New initiatives are being developed at the Council on Social Work Education as your membership organization responds to changing
environmental conditions impacting social work generally as a profession and social work education in particular. We are
also restructuring our Offices at 1725 Duke Street in order to streamline our operations, support new initiatives, and most
importantly, to be more responsive to the needs of the membership. At our Website, you will find a full proposal that was
submitted to the Board of Directors on February 26, and is now open for input and ongoing dialogue and discussion by the membership.
While the primary purpose of the Council on Social Work Education is the accreditation of social work programs in the
United States, the mission of the organization also speaks to being an advocate for social work education and research. A
new office has been created in order to give focus, definition, and staff attention to this component of our mission. At
the present time, the Minority Fellows Program funded by NIMH and SAMPSA, and the SAGE-SW project funded by the John A. Hartford
Foundation (described elsewhere in this newsletter), are structurally located under this office. Dr. Aracelis Francis is
the interim director of the office.
New initiatives just approved by the Board of Directors and located in this office because of their support of social
work education are: The Commission on Diversity, chaired by Salome Raheim, the Katherine A. Kendall Institute for International
Social Work Education, and the Center for Equality and Social Justice. All of these initiatives speak to larger environmental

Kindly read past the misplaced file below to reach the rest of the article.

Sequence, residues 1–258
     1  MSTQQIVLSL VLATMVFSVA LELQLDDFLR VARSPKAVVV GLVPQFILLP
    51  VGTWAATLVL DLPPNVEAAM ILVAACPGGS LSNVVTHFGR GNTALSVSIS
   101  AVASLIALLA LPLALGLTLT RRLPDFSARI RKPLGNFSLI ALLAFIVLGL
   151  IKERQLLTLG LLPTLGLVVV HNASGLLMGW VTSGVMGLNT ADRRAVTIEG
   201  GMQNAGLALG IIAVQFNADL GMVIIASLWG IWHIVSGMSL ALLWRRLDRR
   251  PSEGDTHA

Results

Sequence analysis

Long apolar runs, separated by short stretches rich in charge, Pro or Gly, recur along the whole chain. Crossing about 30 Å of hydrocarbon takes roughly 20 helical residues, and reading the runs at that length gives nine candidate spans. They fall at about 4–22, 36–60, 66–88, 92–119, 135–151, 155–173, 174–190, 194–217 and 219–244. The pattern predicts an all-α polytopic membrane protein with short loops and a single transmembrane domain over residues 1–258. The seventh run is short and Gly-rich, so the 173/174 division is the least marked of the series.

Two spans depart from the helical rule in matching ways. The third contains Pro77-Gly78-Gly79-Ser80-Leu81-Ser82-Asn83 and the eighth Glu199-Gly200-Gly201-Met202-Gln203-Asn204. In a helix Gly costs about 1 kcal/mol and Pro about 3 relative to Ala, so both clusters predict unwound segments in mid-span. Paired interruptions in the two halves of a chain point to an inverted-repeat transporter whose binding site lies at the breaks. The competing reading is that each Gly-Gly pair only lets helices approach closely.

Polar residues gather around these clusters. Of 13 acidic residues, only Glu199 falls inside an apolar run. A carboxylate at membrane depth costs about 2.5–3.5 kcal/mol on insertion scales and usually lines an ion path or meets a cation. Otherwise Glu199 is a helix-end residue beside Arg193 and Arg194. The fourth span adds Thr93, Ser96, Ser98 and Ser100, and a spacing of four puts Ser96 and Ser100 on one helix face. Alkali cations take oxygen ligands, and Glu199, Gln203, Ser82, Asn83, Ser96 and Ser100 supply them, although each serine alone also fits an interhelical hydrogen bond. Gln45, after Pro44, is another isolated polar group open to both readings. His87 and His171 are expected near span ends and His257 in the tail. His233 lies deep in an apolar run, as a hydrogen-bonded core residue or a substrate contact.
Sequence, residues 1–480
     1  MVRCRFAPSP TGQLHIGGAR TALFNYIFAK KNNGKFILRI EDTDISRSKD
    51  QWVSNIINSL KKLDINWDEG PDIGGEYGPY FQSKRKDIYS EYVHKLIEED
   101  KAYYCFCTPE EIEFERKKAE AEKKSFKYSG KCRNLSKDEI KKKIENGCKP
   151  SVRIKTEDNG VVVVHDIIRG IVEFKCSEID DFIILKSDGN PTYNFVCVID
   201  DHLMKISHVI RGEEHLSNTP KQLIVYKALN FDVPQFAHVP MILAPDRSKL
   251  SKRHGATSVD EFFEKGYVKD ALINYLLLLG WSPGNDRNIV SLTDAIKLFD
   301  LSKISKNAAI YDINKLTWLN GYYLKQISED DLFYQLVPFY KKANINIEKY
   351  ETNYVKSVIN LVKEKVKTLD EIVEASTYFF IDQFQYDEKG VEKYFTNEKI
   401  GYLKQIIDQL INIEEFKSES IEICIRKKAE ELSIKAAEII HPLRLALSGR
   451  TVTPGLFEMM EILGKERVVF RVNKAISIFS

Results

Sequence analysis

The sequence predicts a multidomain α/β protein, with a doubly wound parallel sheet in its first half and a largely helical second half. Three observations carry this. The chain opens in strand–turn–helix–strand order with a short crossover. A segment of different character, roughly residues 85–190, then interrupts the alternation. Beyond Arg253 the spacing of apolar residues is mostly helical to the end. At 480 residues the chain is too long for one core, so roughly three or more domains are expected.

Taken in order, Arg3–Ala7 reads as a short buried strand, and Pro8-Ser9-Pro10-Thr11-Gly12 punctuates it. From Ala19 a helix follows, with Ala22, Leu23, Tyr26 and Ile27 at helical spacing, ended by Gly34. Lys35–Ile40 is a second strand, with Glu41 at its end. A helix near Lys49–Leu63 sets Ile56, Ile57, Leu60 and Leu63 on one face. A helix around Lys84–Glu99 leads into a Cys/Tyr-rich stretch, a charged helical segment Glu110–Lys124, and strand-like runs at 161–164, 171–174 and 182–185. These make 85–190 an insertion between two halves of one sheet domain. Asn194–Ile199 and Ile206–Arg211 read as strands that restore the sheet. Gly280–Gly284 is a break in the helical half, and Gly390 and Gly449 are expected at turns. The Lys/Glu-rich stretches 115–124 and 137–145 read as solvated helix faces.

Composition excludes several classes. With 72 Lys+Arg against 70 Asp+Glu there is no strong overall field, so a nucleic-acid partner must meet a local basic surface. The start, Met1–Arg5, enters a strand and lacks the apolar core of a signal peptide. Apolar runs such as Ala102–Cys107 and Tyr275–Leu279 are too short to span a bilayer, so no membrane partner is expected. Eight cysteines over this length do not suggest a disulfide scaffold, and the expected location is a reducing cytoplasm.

conditions requiring our fuller focus and attention as we strive to keep social work education and its links to practice relevant
and enduring. We expect that other initiatives will emerge and some are simply awaiting out attention - initiatives that
will speak to the larger matters confronting the profession. We invite your participation in the full creation, definition,
and implementation of these exciting initiatives.
In an effort to address the needs for transforming curricula so that the growing numbers of older adults in our society
are well served, we are in the final stages of proposal development to the John A. Hartford Foundation, to create a National
Center for Gerontological Social Work Education, located at CSWE. This proposal has grown out of the highly successful SAGE-SW
and Gero-Rich Projects that are the subjects of other articles in the Newsletter. Nancy Hooyman and Anita Rosen are primary
contributors to this new initiative.
As we look to spring, with its warmth and the growing length of the days, we look with inspired hope and optimism to the
future of CSWE and the Profession of Social Work. We invite your participation in the full creation, definition and implementation
of these exciting new initiatives.